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Augusta v. Employees of Vandalia Correctional Center

United States District Court, S.D. Illinois

September 1, 2017

QUENNEL AUGUSTA, SHAWN J. FLORES, Plaintiffs,
v.
EMPLOYEES OF VANDALIA CORRECTIONAL CENTER, STEPHANIE WAGGONER, EMPLOYEES OF IDOC BRUCE RAUNER, JOHN BALDWIN, RANDY PFISTER, CORRECTIONAL OFFICER, S, Defendants.

          MEMORANDUM AND ORDER

          STACI M. YANDLE UNITED STATES DISTRICT JUDGE.

         This matter is before the Court for case management. The Complaint in this case was filed by two Vandalia Correctional Center (“Vandalia”) inmates: Quennel Augusta and Shawn J. Flores. Plaintiffs filed the action pro se pursuant to 42 U.S.C. § 1983. Plaintiffs claim that they have been subjected to unconstitutional conditions of confinement at Vandalia and at Stateville correctional centers. Together, they seek monetary damages. Both Plaintiffs have signed the Complaint.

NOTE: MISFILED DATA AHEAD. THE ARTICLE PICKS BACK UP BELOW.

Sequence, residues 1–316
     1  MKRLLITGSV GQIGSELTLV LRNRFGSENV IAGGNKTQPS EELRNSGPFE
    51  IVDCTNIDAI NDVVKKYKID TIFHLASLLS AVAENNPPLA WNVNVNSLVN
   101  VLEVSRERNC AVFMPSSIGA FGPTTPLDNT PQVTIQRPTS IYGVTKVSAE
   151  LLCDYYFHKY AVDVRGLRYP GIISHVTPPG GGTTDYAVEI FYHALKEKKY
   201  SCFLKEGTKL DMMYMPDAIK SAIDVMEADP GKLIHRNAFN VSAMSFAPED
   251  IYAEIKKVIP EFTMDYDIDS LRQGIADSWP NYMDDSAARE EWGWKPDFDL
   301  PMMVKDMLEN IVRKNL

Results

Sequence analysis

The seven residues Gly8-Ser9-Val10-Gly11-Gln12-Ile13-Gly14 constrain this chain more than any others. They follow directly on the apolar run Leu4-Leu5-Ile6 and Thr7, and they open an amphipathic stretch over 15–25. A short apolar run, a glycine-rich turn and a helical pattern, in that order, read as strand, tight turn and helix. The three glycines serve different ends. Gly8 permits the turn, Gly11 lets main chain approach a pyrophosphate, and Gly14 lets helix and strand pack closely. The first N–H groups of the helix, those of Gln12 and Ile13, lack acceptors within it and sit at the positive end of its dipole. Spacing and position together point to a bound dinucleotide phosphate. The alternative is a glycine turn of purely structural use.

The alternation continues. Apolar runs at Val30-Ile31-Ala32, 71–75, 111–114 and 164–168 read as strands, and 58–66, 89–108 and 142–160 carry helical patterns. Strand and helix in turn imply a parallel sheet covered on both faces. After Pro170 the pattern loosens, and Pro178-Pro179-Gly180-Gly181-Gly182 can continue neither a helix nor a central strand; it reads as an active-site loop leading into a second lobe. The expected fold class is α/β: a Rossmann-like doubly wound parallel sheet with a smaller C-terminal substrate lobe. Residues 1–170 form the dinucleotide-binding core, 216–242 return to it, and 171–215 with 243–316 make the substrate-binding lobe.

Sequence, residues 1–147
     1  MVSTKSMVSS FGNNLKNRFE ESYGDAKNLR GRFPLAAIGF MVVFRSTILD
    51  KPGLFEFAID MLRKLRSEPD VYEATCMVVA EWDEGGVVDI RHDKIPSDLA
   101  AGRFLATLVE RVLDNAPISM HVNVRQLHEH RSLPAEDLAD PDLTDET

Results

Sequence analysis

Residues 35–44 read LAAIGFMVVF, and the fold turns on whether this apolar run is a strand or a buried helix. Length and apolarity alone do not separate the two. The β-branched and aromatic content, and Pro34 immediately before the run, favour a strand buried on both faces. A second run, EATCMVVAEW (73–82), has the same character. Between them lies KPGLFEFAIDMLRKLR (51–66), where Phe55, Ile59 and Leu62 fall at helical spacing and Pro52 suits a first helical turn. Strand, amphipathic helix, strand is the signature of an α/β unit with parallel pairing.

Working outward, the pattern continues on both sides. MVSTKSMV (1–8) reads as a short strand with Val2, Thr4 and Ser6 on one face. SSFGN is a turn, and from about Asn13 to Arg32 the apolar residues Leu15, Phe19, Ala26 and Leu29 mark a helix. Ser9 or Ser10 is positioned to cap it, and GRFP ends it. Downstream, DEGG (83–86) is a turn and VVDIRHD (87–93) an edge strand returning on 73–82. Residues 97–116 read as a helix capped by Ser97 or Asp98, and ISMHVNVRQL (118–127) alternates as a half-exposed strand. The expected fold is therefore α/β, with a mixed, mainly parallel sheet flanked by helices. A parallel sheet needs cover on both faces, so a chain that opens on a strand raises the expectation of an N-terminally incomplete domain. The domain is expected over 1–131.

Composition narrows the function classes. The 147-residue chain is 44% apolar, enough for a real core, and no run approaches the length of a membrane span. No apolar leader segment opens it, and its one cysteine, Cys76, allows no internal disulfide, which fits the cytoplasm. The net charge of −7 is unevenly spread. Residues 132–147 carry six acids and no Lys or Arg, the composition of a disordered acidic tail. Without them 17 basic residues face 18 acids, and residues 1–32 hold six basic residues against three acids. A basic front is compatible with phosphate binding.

Plaintiffs have also jointly filed a Motion for Leave to Proceed In Forma Pauperis (Doc. 2) and a Motion for Recruitment of Counsel (Doc. 3). Both motions are signed by both Plaintiffs. Under the circumstances, the Court deems it necessary to address several preliminary matters before completing a review of this case pursuant to 28 U.S.C. § 1915A.

         Group Litigation in Federal Courts